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It is a pleasure to serve under your chairmanship, Mr Bone, and I thank Matt Western for securing this important debate.
Job losses in the automotive industry are of great concern to everybody, particularly to those of us with car manufacturers in our constituencies. My constituency, Chichester, is home to Rolls-Royce, which is the single largest employer and employs more than 1,700 people in highly skilled, well-paid jobs. Nationally, the automotive industry provides 814,000 jobs, with an annual turnover of £77.5 billion—more than 8% of the UK’s manufacturing output. The car manufacturing industry is of great importance not just to Chichester, but to the whole country.
I began my working life in a car factory in Liverpool where I worked for seven years. When I first started work, the industry was introducing a supply chain mechanism called just-in-time. First developed in Japan, just-in-time manufacturing would revolutionise the industry and make UK car manufacturing competitive and able to compete effectively with the rest of the world. However, just-in-time manufacturing is logistically complex: components arrive from suppliers based all over the world on the same day that they are to be assembled into a car or a sub-assembly, thereby avoiding the need to store large quantities of inventory that add to overhead costs.
Over decades the automotive industry has created a highly integrated and fast-paced supply chain, and that has been facilitated in Europe through the free movement of goods within the customs union. A car comprised of parts from throughout Europe will be assembled in around 20 days from start to finish, but not a screw will have been made before those 20 days. A network of suppliers based all over the world will be involved, and parts will sometimes cross borders several times before becoming a sub-assembly that is ready for final production. To put that in context, a crankshaft in a car manufactured in the UK will cross the English channel four times before being assembled into the final car.
The success of the supply chain network depends on many parts moving in a frictionless fashion. Imagine the effect that even a small delay at customs will have. I am probably one of the few Members of Parliament who have spent days sitting in customs, desperately waiting for parts to be released, to dash them back to a car factory where a line of workers are sitting eagerly waiting for work. Stopping a line in the manufacturing business is a disaster—it means all the cost, none of the production, and a knock-on delay for other plant production in future. To say it is a costly experience is an understatement.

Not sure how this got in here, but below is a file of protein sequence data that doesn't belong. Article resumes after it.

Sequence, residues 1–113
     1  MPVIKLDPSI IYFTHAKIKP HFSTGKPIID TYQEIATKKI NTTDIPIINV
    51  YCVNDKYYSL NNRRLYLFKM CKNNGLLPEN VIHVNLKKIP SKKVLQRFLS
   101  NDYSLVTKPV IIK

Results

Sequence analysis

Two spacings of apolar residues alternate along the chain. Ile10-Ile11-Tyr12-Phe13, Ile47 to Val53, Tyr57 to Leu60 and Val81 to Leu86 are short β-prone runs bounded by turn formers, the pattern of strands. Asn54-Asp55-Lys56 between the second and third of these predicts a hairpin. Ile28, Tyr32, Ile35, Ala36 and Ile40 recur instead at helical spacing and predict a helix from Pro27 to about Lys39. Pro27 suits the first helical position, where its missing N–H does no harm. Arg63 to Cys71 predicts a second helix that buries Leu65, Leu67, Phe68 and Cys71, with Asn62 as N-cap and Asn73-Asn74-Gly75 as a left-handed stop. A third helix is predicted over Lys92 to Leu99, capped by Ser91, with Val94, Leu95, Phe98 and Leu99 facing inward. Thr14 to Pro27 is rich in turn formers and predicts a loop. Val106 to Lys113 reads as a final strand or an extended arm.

Such delays make car manufacturing uncompetitive and would certainly lead to job losses. Car manufacturers will not risk that happening, and instead they will have to build warehouses to house stock. That will effectively set the industry back years, sending it back to the 1980s. What effect will that have on our roads? Lorries currently pass through customs in under two minutes, but if that time is doubled, it will have a huge impact on our ports and the surrounding roads. We must be innovative when we implement new customs arrangements and utilise technology to ensure there are no hold-ups at crossing points. I am pleased that the Government are aiming to ensure that crossing points are as frictionless as possible, but we must ensure we get it right.
The size of the UK’s car manufacturing industry is impressive, but we cannot take it for granted. Every new model is highly competitive, because a number of car plants located around the world will have similar capabilities but different labour rates and market conditions. As we leave the EU, the UK must remain competitive because increasing pull factors to other locations will seek to draw investment away from our shores. Thus far the industry has shown its support by investing further in the UK, and since 2010, jobs in car companies have increased by nearly 30%. If we continue to prioritise friction-free customs arrangements and continued close co-operation with the EU on rules of origin, harmonised standards and type approvals, I am optimistic that the automotive industry will continue to thrive and grow.